20/8/14 – Small Faces – Itchycoo Park – Beat Club German TV Mime – 1967

small faces 67In 1967 when I was 9 years old I heard this incredible song with the funny title and the strange drums on the radio. Ever since that day I have loved the Small Faces (bought the single, still have it in the archive), been a big fan of anything Ronnie Lane and looked on as Steve Marriott lost musical direction. Marriott’s voice was so distinctive and powerful and he and Ronnie Lane were one of the great songwriting partnerships of the sixties.

Somehow it all fell apart, Marriott left and Rod Stewart and Ron Wood joined, the band became The Faces and they made their own history. Marriott teamed up with Peter Frampton from another sixties band The Herd and formed Humble Pie achieving notable popularity in the US. After the Faces, Ronnie Lane’s Slim Chance became his next project but he was diagnosed with multiple sclerosis and struggled with the disease until he died in 1997 at the age of 51 leaving behind some great music of his own including Rough Mix in 1977, an album with Pete Townshend. Marriott’s haphazard career after Humble Pie left him penniless and emotionally unstable with huge drug problems. It all ended in tragedy with Marriott dying in a fire at his house in 1991 at the age of  44. Keyboardist Ian McLagan went on to play with the Stones as a sideman and has been involved in many other projects, drummer Kenney Jones joined The Who.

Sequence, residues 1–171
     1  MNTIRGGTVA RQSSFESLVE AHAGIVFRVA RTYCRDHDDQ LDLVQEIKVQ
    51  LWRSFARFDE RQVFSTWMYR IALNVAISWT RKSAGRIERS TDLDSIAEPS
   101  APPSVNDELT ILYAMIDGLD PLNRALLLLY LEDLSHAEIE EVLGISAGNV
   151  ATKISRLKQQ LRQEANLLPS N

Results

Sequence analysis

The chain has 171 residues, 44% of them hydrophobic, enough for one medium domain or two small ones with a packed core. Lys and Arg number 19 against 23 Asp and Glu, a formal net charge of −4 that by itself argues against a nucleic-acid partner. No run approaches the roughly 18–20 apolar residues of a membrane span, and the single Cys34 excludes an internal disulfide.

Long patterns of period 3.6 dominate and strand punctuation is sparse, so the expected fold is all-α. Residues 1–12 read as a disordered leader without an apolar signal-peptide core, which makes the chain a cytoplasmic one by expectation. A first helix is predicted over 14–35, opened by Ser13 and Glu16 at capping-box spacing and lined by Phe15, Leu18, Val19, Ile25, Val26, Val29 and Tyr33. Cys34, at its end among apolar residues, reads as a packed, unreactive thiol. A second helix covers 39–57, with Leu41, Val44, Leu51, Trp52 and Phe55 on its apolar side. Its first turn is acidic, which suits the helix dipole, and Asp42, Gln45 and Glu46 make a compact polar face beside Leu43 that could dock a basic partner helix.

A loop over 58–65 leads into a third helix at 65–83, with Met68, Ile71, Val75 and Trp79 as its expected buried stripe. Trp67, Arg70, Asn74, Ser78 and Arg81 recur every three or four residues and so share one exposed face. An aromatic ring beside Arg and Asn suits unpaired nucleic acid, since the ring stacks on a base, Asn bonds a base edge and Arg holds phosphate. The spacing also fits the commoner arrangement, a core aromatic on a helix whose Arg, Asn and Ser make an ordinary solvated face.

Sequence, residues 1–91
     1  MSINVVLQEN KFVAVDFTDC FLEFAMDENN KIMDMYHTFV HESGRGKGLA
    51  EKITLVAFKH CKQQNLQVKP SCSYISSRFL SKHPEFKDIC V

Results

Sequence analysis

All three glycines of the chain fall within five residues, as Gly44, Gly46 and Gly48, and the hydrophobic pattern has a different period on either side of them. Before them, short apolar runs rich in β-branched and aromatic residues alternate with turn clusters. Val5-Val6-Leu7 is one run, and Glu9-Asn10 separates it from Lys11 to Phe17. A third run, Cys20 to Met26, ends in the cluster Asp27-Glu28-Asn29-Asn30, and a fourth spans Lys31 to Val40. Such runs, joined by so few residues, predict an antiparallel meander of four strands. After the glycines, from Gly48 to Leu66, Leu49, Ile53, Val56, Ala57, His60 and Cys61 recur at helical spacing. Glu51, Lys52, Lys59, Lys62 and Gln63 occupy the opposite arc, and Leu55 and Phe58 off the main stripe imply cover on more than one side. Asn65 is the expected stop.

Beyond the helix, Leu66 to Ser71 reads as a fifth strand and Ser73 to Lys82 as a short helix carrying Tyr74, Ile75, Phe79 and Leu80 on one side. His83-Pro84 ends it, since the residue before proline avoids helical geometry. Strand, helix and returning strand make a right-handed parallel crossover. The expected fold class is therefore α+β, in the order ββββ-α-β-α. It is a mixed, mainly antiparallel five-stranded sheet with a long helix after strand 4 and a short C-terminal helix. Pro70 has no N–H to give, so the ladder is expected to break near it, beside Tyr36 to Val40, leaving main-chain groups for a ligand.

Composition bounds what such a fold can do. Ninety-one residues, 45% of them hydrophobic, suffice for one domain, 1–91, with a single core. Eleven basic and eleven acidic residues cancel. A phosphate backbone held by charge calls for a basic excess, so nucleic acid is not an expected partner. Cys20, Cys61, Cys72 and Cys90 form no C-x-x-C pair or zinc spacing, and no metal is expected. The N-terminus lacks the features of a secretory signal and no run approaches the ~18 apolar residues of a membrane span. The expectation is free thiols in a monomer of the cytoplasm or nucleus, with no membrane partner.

This fantastic band left behind some of the greatest singles of the sixties and four albums that every collection must have – two different albums called Small Faces 1966/1967 on different labels (Decca and Immediate) Ogden’s Nut Gone Flake 1968 and The Autumn Stone 1969. The retrospective Decca Release From The Beginning 1967 is also essential including singles and other tracks that weren’t on the first album.

Here they are Miming on German TV’s Beat Club in 1967, looking fantastic, I love Marriott’s moves and look at the size of the guitars! When Marriott lifts the guitar up and sings listen to the guitar part he’s playing, a wonderful intricate arpeggio.